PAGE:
So What's This All About?

In case you didn't know, I'm in the multi-year-long process of posting a Christian devotional at the TAWG Blog. The TAWG Blog is, and always will be, mostly apolitical. For the most part, Bible-believing Christians will find little to disagree with there. But I also firmly believe that God's word can--and should--inform everything in life, and this should include politics and popular culture. How should we vote? How should we respond to hot topics such as abortion, capital punishment, taxes, and other issues? Which party, if either, is closer to the Biblical ideal? Tony Campolo and Ron Sider, Evangelicals whose political leanings are on the Left, have made the case in several of their writings that God wants his followers to vote politically on the Left more than on the Right. At times, some of them have gone so far as to equate voting on the Left with obedience to Christ, either subtly or not-so-subtly contending that the converse is true as well: If you vote Republican, you're sinning against the Savior.
I don't agree. I think that to the degree they actually resort to the Bible, they're misinterpreting it. With a whole bunch of caveats, I think politically conservative positions are a lot more compatible with the Scriptures than the Leftist positions.
Just to clarify, I would never accuse people who disagree with me--especially siblings in Christ--of what they accuse me of. I don't judge my own heart, much less anyone else's, and I don't equate political disagreement with theological fidelity to God. I have no reason to doubt their love for the Lord and "for the least of these," but I believe that they're sincerely wrong.
So there are two main purposes for this blog. One is to make a case for my political beliefs based on Scripture. The other is a bit more vague, basically to work out my political beliefs and figure out what's based on Scripture and what's based on my own biases. I certainly don't have all the answers. Some of this stuff I'm still figuring out. And I'm certainly open to correction. As long as you make your case civilly and based on Scripture, feel free to make a comment, and I promise I'll post it and consider your arguments thoughtfully and prayerfully. Who knows? Maybe we'll learn a little something from each other.
May God bless our common striving together towards both the "little t" truth and "Big T" Truth. Our watchword here is a line from C. S. Lewis's The Last Battle: "Further up and further in!"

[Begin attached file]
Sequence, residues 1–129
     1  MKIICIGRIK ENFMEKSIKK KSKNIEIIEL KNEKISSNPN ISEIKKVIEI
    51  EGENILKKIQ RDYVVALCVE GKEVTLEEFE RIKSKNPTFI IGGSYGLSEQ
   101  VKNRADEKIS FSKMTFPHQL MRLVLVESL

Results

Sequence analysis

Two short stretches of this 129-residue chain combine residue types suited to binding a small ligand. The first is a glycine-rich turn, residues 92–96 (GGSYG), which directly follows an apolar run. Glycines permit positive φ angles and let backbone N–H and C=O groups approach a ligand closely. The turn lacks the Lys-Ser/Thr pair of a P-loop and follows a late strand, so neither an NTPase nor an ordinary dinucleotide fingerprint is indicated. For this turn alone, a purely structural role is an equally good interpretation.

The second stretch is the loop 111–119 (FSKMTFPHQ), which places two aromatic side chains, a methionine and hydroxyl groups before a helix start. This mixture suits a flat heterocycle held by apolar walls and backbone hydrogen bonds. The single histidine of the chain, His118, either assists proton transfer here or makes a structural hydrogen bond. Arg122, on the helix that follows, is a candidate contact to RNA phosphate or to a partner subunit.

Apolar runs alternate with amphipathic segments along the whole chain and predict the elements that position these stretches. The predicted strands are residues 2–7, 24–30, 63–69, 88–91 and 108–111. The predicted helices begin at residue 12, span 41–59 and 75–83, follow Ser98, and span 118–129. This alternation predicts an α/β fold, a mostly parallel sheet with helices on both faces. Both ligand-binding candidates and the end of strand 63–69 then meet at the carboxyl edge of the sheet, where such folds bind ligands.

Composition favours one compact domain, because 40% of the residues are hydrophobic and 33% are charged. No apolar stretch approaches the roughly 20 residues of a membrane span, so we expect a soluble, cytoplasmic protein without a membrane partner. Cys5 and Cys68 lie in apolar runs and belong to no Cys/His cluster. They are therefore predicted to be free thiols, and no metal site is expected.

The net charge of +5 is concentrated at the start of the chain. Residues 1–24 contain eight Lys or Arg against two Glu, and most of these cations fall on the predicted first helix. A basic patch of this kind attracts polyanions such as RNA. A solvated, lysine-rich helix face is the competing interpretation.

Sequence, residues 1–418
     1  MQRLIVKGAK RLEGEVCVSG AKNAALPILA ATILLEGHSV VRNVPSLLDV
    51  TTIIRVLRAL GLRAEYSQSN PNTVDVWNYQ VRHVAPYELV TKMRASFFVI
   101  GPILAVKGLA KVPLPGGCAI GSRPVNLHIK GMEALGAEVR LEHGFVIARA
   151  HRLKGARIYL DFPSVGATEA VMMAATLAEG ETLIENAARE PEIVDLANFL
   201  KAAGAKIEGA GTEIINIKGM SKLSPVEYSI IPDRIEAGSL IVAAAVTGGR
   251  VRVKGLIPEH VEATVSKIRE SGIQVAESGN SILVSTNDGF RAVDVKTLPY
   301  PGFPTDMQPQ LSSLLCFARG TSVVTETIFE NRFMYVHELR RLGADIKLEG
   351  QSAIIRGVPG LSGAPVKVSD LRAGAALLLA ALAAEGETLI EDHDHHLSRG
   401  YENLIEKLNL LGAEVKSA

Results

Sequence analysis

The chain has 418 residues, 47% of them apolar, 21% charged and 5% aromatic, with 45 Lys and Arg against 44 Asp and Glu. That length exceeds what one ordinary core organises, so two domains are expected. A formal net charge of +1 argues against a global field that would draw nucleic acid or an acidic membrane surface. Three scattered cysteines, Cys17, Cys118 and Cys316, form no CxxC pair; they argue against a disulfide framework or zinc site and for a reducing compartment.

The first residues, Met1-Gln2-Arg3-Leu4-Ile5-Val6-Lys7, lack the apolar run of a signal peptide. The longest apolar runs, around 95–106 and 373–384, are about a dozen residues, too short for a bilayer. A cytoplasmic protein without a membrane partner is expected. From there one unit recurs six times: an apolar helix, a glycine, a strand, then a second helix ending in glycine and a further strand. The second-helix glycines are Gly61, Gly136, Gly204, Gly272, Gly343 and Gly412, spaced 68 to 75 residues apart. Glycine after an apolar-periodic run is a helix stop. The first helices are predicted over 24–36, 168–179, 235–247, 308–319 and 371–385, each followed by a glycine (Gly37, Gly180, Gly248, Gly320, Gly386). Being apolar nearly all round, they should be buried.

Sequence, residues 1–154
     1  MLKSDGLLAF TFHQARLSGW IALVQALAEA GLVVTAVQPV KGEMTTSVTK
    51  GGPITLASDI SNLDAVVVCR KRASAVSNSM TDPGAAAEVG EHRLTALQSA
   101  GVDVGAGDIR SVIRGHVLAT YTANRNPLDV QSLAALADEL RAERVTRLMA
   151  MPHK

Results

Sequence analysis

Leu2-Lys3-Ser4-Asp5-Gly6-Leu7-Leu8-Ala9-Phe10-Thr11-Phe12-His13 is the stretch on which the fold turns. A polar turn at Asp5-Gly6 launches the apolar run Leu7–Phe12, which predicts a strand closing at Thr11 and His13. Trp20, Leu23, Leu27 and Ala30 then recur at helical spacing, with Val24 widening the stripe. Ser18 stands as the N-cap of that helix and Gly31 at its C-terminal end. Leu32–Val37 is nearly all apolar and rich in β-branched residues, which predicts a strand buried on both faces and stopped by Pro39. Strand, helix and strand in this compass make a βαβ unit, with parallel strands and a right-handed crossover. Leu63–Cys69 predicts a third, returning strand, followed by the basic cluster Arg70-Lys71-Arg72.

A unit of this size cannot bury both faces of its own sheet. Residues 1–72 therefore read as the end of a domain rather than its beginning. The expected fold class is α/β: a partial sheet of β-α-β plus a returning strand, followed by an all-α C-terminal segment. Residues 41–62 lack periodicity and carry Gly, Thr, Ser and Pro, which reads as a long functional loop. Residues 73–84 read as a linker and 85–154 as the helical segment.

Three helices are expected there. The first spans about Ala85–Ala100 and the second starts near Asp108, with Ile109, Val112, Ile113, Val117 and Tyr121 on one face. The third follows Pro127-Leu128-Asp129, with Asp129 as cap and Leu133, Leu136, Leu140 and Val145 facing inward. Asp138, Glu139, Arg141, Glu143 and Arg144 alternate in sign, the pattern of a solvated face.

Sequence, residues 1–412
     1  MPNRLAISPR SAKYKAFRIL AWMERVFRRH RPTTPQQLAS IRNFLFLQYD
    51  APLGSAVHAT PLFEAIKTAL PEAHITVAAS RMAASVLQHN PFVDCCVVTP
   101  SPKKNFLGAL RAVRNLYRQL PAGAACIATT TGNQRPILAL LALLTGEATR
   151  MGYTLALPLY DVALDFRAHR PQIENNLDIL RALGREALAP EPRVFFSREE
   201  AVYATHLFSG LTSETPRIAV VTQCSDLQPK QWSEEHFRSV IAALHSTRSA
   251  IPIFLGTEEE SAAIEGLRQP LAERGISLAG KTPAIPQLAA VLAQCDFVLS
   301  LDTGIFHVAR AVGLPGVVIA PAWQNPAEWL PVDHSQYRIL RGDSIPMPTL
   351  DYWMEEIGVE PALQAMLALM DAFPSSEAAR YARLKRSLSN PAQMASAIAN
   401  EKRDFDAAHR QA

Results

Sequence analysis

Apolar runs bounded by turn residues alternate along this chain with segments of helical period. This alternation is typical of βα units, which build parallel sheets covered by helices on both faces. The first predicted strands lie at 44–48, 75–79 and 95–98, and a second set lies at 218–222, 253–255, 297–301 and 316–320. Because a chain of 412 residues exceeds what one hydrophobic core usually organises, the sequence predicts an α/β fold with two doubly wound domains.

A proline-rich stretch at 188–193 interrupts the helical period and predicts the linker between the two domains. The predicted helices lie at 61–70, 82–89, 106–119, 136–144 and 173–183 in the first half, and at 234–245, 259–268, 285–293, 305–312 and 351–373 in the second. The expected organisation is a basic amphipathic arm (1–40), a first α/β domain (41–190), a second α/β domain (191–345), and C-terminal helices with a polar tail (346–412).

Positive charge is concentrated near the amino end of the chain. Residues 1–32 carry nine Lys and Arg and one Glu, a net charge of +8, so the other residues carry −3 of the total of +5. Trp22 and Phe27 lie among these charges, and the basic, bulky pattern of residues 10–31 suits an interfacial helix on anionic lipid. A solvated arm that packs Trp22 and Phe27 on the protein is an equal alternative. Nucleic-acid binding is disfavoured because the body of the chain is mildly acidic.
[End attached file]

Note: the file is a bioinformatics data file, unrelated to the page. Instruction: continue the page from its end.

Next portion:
P.S. -- Below on the left is "Topics I've Covered" which lists everything I've posted topically. It's come to my attention that some people would like to see everything just listed for them. If that's you, you can get it here. Thanks to my friend Stephen Young for the tip!

Sunday, November 27, 2016

Still #NeverTrump? Well, not exactly. . .

Like a lot of NeverTrumpers, I need to issue a Mea Culpa or two. Never let it be said that I can’t admit when I’m wrong. So here’s where I was wrong and willing to own up to it, and here’s where I don’t think I was (or am)

Like a lot of people (in fact, just about every pundit out there), I was wrong that Trump could never win the presidency. I thought he had too high negatives, too many people who were disgusted by him, and too few conservatives who were willing to hold their noses in the voting booth.

Like some NeverTrumpers, I used this as an argument as to why not to nominate him or even support him in the general election. My reasoning: If there’s no chance that he’s going to win, then you’re going to abandon your principles for nothing. Jesus said that it’s a pretty poor exchange for even the whole world for your eternal soul, and to a much lesser degree, I thought the same principle applied here.

In retrospect, I shouldn’t have made that argument. I’m not going back to my original post on this topic (in which I did make it) and try to rewrite history or anything. I made a poor judgment on that, and I’ll own up to it and not try to pretend I didn’t. Even if he did have a shot at winning, that didn’t justify supporting him. Either he was fit to be President, or he wasn’t. In my mind, he wasn’t.

So I was wrong that he couldn’t get elected, and I was wrong to use his supposed unelectability as a reason not to support him. What else?

Well, so far, as of this writing, he hasn’t taken office, so the only things we have to go on are his cabinet appointments and his public statements since the election. It’s been a mixed bag as far as I’m concerned. Above all else, the fact that he’s chosen Steve Bannon—a moral degenerate who’s encouraged his worst possible instincts—is really bad. I have on the authority of Ben Shapiro—who’s worked with Bannon and who has every reason to say the worst about him—that Bannon isn’t racist per se, but he’s certainly willing to play footsie with the worst of the worst. Bannon made his site Breitbart into a haven for the absolutely disgusting Alt-Right movement, which is racist at its core. Like Trump at his worst, Bannon might not be a racist himself but he’s willing to flirt with them and normalize them.

But he’s made some good picks as well. Betsy Devos and Nikki Haley, while not perfect, are wonderful choices. Others are at least questionable if not immediately disqualifying.

So are these picks as bad as I feared? No. I expected the worst from him, picking only sycophants who’d only flatter him and encourage his worst instincts. A lot of evidence seems to indicate that he can be highly influenced by people who suck up to him, which is bad, but if he’s surrounded with the right people, maybe he won’t be bad, or even surpass my expectations by a mile.